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Death on a Factory Farm

The producers of "Dealing Dogs" are back at it, this time creating cause for guilt by anyone who occasionally enjoys a BLT. Relying heavily on undercover video capturing graphic footage of hogs being slaughtered, "Death on a Factory Farm" is a sobering bit of advocacy journalism, though in a sense it picks off an easy target -- exposing cruel treatment and horrible conditions for animals bred for butchering, without addressing the larger question of societal complicity in our demand for food at reasonable costs.

The producers of “Dealing Dogs” are back at it, this time creating cause for guilt by anyone who occasionally enjoys a BLT. Relying heavily on undercover video capturing graphic footage of hogs being slaughtered, “Death on a Factory Farm” is a sobering bit of advocacy journalism, though in a sense it picks off an easy target — exposing cruel treatment and horrible conditions for animals bred for butchering, without addressing the larger question of societal complicity in our demand for food at reasonable costs.

Cleverly, producers Tom Simon and Sarah Teale divide their long-in-the-works project into two compelling halves. In the first, an undercover operative named “Pete” (also featured in “Dealing Dogs”) takes a job at an Ohio farm specifically to document abuses there. Several of the techniques witnessed are unsavory — including such confined quarters as to trigger cannibalism by penned-up animals, and killing piglets by bashing their heads — but the key sequence involves hanging hogs from a forklift, choking and spasming for several minutes before they finally die.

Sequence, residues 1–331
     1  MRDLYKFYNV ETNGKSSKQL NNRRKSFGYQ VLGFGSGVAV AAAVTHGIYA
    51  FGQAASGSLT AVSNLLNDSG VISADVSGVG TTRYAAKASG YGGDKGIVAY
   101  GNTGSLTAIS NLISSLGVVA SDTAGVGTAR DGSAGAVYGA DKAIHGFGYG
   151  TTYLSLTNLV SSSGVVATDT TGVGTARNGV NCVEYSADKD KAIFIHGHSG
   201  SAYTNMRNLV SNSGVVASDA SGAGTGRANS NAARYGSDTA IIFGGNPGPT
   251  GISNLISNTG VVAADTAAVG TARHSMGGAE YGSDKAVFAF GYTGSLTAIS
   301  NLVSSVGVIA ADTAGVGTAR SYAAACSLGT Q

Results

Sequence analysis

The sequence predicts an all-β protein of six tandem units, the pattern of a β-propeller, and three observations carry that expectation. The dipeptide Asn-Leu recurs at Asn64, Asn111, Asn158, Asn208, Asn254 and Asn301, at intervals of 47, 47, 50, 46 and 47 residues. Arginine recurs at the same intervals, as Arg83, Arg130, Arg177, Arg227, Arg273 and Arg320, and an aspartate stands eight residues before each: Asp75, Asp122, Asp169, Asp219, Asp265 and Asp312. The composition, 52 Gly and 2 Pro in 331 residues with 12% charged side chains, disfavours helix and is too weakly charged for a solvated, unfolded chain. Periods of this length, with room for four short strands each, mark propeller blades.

Pete, who’s working for the Humane Farming Assn., acknowledges in interviews that some might question his dedication to animal rights, stressing that while he recognizes terrible things are also happening to people, this is the fight he has chosen.

The second part deals with the trial triggered by Pete’s footage, with Wayne County prosecutors bringing charges against the hog farm’s owner and his son for their inhumane practices. Inevitably, there’s an element of local hostility toward the HFA’s connection with the case, resenting city slickers for invading Ohio and interfering with their way of life. (One amusing exchange shows Pete preparing for his testimony, telling attorneys that everything he knows about court proceedings comes from “Law & Order.”)

The main drawback with this sort of exercise — and indeed, the animal rights movement — boils down to a matter of degree and perspective. Wanting such operations to be as compassionate as possible is certainly laudable. But unless everyone turns Vegan overnight, animals are going to be killed for our consumption, so the question boils down to how.

Simon and Teale’s documentary gets its obvious point across: If you’re going to reap the system’s benefits, at least have the guts to look at the distasteful process responsible for what you’re swallowing. Yet while few will possess much of an appetite as they watch “Death on a Factory Farm,” one suspects it’s a bitter pill without much of an aftertaste.

Death on a Factory Farm

HBO, Mon. March 16, 10 p.m.

Production: Produced by Working Dog/Teale-Edwards Prods. Executive producer, Sheila Nevins; supervising producer, John Hoffman; producers, Tom Simon, Sarah Teale.

Crew: Camera, Simon; editor, Geof Bartz cq; music, Jamie Lawrence. RUNNING TIME: 88 MIN.

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